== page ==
But yes, ‘customize your theme’ would almost certainly have seen more people willing to pony up than ‘custom CSS’. The reason it wasn’t better promoted may well be because the shopping cart system was new (and apparently has glitches) and they wanted it beta-tested by a small number of geeks before entrusting it with anything important😉

  5. Matt said

    “This is recommended mostly for advanced users who understand CSS.”

    From the upgrades page. That said, it’s still selling 10+ a day, which is more thant we projected for it.

    “shopping cart system was new (and apparently has glitches) and they wanted it beta-tested by a small number of geeks before entrusting it with anything important”

    That’s an astute guess. We think we have all the glitches worked out now, but there were some bugs when it first launched.

    The tricky thing is going to be an interface for the themes page which scales to hundreds (thousands?) of themes.

  6. Sean said

    “This is recommended mostly for advanced users who understand CSS.”

    That seems a bit like missing your target audience. An “advanced user” is likely “advanced” enough to know how to setup their own blog, on their own host, for less than $15.

    In fact, my DreamHost account cost me $9 for the *whole year*, and I host 5 different sites on that one account.🙂

    But, if you’re selling 10+ of those packages a day, then that’s good to hear.

  7. Alan said

    $15 really is ridiculous, but I guess they have to make money somehow.

  8. timethief said

    Oh come on now gang – why would Matt look for a “token” non techie to put on staff when he can have my response free of charge. *lol*😉

  9. adam said

    the woman who suggested that comment author IP’s should be a required part of any good theme? i’m sorry, dear, i don’t know that you qualify for that position anymore.😉

    also, apparently i should buck up and deal with dreamhost’s crappy tech support, since i pay nearly as much per month as sean does for a whole year. 0_o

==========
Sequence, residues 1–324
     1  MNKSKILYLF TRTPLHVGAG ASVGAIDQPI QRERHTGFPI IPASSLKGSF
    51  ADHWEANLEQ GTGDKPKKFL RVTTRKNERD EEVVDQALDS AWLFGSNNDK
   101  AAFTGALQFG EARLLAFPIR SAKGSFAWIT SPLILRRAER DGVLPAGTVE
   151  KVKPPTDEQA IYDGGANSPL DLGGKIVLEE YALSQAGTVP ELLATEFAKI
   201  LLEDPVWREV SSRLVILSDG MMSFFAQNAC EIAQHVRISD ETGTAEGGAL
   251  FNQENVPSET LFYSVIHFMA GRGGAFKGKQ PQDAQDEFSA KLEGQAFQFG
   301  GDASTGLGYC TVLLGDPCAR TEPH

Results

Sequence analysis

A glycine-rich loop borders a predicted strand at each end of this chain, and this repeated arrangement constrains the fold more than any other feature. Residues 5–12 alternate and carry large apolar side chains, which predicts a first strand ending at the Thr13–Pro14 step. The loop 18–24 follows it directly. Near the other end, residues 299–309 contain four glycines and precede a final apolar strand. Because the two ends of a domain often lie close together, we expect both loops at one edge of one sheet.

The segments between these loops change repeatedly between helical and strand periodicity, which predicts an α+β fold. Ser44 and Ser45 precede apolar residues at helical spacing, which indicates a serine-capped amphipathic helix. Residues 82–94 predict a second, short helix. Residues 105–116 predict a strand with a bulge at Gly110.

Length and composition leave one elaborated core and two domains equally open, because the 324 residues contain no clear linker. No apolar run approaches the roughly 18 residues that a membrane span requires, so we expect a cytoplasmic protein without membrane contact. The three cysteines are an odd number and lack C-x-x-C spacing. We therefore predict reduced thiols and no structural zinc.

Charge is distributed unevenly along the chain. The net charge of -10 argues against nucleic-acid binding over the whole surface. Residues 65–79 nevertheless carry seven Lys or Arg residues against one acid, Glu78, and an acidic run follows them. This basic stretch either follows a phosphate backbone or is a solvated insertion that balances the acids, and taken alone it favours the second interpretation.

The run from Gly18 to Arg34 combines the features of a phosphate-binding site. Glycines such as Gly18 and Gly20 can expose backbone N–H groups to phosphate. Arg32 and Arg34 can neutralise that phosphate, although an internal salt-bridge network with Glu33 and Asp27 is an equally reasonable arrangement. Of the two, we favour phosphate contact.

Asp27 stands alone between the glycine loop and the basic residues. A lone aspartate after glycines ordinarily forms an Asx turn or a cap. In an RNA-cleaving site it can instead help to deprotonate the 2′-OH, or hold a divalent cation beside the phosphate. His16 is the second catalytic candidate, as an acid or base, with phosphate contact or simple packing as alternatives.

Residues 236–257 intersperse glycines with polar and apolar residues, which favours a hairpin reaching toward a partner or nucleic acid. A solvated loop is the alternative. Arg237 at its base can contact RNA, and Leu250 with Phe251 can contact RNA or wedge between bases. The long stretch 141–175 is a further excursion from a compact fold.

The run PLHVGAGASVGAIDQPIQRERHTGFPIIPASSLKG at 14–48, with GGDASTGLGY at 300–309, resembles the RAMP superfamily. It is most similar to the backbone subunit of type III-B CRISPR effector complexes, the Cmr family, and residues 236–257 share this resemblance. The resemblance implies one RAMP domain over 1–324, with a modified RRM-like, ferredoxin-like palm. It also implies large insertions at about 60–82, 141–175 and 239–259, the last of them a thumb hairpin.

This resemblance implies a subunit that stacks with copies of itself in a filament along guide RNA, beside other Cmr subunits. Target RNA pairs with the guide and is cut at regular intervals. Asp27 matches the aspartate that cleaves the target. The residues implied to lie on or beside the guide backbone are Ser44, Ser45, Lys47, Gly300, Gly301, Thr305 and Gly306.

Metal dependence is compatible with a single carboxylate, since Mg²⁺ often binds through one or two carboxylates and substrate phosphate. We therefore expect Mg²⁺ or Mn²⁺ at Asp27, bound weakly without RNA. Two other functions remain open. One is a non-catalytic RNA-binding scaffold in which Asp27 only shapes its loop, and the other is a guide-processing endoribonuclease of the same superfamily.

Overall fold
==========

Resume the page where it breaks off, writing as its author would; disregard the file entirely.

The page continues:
considering that $15/year gets you wordpress support and bandwidth enough to survive a slashdotting/digging/whathaveyou, i’m not really seeing how the prices compare.

  10. (can’t log in, so no avatar :()

    “This is recommended mostly for advanced users who understand CSS.”

    You’re underselling. People see that and say ‘I’m not an advanced user, this is not for me’, without realising that a) it takes very little time to become advanced enough to change a font or header here and there or b) the community has already started to offer copy-and-paste stylesheets for non-coders. I’ve been designing blog templates for years, and I’d guess the majority of end-users during that time haven’t really understood the code they were copying and pasting. It didn’t stop them taking advantage of it any more than my rubbishness at PHP stops me using wordpress.

  11. coyote said

    Okay so I’m not allowed to call myself
    (1) a newbie😦
    (2) non techie blogger😦
    (3) I most certainly wasn’t clear on what is a reasonable theme design expectation when I made my list and Adam worked me over for it bigtime.😦
    But here I am – still willing and still learning.
    Anyway I’m not really feeling like $15 per year is huge expense for bloggers who want to have custom themes running on a secure blogging platform.

  12. Root said

    The real issue with the CSS upgrade is that where it is taken up and used to its full potential the difficulties soon become apparent. Although it is true that seperation of style and content is the mantra a person who needs the level of control CSS can bring is likely to quickly become frustrated by the lack of ability to edit the functionality / coding mess in the templates. It is just the Alex King theme comp fiasco multiplied.